NOTE: This blog originally appeared in an expanded form on Country Fried Rock. The Country Fried Rock weekly radio program includes 9 songs and an in-depth interview with a roots musician–the best hour in roots radio anywhere.
In some parts of the South, you might live there for eighty years, but locals will still say, “Well, you’re from Michigan.” Texas is different; if you say you’re a Texan, you are. You might not be from there, but you got there as fast as you could. By that definition, Eric Hanke is a Texan. His parents brought him to Dallas from Michigan as a toddler, and he never left–except for that long semester in Germany tracing his roots.
Everything’s bigger in Texas, and Hanke is no exception. At over 6’8″ tall, he nearly matches his business name, Ten Foot Texan. For all the superlatives of Texas, though, Hanke’s music reins in the excess, for an exuberant but not flamboyant take on roots music that works as well in a dance hall as it does in a listening room. Any musician who can placate a South Padre Island bar crowd of tourists and salty regulars repeatedly–while never playing a Buffett tune–has exceptional talent.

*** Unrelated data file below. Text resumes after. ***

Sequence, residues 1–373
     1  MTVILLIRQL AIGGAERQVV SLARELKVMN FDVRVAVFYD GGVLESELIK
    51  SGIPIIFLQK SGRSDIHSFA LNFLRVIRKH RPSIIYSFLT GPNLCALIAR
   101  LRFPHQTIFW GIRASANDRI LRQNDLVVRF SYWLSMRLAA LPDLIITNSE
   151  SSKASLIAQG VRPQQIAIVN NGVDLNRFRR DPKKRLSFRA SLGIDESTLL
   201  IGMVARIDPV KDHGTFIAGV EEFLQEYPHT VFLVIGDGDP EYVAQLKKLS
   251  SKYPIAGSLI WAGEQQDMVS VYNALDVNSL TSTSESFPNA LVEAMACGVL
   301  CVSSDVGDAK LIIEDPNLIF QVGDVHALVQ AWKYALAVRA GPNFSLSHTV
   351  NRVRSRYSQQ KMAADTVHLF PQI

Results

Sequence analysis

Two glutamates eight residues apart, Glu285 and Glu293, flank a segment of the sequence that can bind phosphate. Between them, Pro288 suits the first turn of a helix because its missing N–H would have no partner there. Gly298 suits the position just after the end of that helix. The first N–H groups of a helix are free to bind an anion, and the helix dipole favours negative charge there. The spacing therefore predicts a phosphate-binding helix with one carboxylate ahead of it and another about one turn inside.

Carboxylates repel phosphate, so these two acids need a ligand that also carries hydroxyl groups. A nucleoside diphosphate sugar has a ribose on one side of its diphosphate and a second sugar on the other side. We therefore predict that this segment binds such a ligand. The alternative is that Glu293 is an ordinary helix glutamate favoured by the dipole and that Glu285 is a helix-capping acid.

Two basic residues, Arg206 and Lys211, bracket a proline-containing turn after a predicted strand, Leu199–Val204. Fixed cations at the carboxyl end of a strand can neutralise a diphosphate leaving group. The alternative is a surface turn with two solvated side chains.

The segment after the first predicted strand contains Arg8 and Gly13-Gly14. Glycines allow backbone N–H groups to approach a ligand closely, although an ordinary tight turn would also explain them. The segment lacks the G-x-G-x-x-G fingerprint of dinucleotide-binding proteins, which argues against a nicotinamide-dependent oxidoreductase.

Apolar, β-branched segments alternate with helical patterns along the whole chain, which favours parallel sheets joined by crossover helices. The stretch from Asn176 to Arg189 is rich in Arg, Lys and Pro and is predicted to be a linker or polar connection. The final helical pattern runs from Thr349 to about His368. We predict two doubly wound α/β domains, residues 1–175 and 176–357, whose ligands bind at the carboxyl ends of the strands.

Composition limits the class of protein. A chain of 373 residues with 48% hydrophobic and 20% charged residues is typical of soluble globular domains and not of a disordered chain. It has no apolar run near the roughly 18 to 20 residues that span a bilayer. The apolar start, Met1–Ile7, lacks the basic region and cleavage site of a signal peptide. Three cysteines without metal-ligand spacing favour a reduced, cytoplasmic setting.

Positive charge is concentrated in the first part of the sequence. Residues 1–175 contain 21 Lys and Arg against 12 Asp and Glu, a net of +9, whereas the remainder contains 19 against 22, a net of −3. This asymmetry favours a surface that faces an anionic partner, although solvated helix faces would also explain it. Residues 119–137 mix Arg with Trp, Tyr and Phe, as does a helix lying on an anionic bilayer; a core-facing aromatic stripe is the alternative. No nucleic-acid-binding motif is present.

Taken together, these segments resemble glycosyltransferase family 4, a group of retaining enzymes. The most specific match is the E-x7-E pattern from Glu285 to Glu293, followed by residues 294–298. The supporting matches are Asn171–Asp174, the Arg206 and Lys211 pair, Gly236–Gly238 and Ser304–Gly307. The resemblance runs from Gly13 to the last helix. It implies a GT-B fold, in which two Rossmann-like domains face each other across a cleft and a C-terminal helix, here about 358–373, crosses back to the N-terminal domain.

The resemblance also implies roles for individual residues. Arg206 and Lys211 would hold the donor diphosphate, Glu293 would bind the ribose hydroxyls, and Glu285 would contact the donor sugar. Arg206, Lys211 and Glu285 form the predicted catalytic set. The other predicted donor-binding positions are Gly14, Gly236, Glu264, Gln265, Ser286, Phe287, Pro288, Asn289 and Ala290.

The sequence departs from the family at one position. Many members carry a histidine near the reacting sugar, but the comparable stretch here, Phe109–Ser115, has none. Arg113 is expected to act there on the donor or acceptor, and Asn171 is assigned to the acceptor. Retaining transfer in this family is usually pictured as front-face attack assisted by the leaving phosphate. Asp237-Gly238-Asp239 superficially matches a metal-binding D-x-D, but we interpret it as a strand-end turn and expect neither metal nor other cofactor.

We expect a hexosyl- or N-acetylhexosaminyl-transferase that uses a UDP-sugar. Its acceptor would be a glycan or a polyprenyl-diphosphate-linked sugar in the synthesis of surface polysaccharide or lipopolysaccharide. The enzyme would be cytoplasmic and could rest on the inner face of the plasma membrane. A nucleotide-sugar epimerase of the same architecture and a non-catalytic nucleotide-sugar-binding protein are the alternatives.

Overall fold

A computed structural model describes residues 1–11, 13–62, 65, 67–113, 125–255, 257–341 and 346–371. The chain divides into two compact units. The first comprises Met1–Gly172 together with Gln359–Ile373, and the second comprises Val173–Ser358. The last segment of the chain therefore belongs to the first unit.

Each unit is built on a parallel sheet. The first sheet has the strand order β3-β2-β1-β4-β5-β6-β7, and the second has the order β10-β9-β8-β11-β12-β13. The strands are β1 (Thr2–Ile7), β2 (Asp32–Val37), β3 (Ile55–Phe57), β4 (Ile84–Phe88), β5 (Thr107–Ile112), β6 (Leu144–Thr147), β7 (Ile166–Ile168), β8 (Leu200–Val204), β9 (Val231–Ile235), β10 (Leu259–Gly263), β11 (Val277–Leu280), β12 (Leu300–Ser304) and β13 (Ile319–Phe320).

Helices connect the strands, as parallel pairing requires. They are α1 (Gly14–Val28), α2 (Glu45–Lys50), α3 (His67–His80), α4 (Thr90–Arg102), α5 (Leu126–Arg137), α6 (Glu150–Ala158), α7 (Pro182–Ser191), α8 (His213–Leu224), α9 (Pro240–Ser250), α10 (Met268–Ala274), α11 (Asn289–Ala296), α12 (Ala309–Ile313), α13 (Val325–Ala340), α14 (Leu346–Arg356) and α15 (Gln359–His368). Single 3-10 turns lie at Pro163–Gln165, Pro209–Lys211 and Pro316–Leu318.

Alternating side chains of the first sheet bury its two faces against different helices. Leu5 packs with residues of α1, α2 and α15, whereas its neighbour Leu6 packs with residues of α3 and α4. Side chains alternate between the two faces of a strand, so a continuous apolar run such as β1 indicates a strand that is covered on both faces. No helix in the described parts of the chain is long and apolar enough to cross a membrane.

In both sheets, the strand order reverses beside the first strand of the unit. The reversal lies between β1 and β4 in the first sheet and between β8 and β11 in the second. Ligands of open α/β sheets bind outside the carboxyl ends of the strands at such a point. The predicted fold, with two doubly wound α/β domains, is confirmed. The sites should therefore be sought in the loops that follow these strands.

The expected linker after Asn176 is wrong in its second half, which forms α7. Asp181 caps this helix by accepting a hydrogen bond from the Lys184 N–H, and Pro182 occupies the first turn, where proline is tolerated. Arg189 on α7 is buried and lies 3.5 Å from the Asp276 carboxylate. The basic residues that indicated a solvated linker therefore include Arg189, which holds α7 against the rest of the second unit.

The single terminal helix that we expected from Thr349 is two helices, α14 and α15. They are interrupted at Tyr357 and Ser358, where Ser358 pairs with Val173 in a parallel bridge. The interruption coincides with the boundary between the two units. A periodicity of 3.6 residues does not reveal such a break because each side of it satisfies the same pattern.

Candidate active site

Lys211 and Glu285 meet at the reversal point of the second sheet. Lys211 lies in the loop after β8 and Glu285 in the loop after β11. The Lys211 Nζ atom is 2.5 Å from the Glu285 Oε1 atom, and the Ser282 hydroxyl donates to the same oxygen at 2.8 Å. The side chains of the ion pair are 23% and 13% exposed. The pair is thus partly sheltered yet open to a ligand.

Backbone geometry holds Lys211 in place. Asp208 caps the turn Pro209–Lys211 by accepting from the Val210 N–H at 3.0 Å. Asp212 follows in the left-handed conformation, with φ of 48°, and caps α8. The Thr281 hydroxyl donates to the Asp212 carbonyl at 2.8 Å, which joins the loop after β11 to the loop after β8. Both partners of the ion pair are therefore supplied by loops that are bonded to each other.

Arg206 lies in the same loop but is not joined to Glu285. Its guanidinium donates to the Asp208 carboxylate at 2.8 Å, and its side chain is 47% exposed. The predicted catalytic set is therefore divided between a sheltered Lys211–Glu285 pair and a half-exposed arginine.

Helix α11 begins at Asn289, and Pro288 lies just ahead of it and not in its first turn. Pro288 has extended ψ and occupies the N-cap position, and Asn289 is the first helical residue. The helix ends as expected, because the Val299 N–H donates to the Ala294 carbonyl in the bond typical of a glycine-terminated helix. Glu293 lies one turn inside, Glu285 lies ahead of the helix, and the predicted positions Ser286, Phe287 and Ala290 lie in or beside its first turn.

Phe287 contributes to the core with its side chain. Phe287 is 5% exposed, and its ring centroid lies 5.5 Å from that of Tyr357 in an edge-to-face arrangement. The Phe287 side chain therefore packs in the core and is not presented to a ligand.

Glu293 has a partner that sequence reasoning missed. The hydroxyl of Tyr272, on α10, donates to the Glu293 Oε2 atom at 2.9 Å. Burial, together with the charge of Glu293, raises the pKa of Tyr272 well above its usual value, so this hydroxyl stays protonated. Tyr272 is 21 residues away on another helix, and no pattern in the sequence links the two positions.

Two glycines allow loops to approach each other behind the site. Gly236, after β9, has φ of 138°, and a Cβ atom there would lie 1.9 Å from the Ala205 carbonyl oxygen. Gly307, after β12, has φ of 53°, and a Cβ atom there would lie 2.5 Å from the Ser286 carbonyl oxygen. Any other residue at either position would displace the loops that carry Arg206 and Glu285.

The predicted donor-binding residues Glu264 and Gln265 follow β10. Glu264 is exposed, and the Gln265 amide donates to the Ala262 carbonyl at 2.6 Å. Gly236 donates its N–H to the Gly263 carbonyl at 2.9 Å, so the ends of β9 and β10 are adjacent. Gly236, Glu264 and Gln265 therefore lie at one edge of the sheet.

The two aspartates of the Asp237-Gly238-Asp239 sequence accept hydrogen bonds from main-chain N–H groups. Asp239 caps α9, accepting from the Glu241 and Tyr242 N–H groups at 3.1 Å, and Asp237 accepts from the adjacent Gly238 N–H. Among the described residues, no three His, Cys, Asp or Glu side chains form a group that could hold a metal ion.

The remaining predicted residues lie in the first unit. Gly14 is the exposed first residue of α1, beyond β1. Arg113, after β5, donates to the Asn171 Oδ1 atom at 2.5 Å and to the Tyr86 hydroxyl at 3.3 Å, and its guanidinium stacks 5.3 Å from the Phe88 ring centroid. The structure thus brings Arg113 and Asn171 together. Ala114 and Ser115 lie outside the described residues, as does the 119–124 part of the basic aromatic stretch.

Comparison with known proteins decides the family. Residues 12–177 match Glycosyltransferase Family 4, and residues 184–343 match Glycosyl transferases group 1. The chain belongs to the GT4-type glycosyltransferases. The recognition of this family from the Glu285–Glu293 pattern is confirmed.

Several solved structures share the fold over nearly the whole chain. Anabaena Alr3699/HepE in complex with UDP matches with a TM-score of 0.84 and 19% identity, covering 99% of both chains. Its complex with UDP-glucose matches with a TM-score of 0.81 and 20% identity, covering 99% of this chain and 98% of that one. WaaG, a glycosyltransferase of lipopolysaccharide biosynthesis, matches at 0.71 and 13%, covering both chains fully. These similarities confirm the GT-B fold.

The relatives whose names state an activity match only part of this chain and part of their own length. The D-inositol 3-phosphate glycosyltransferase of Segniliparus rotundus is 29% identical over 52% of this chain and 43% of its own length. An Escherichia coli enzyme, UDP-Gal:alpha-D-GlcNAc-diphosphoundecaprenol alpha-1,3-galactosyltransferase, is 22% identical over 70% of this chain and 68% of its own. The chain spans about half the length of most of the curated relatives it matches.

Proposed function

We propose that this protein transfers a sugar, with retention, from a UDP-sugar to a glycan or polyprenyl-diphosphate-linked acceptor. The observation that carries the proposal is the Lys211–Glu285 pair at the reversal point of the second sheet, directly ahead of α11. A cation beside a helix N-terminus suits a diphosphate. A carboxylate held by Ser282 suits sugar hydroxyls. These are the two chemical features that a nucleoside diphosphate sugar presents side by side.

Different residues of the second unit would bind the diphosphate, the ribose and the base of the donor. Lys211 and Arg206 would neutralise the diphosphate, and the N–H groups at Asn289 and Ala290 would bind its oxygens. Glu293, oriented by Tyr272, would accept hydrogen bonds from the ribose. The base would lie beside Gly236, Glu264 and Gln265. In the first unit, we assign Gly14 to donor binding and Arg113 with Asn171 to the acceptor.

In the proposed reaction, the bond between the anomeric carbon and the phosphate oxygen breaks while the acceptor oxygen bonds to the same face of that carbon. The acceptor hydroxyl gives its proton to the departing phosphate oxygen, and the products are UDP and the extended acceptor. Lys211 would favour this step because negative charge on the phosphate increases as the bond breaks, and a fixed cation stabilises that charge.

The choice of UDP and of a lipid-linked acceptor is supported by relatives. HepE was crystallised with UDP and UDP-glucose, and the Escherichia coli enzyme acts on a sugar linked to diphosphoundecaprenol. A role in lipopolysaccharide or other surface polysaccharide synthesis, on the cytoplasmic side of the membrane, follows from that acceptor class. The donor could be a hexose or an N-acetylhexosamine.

Hanke’s recent record, Factory Man, brings out the honky-tonk in his songwriting. After quite a bit of self-analysis regarding his music, Eric determined that he just wants his music to make people feel good. Whether it’s good enough to jump up and dance, or just make you feel better about what your life is, that’s all okay. Some of his friends and collaborators play on this recording, like noted steel player, Cindy Cashdollar, and producer-bandmate, Merel Bregante.
Hanke released Factory Man in recognition of the fading lifestyle of his grandfather, a German immigrant to Michigan, who worked in a factory his entire life. As major American industries move overseas and immigration becomes viewed as negatively impacting our economy, regular people question their hopes for the type of American dream of previous generations. While the topic may be heady, the album as a whole is fun. Both lyrics fans and those who listen for the music will enjoy Eric Hanke’s Factory Man.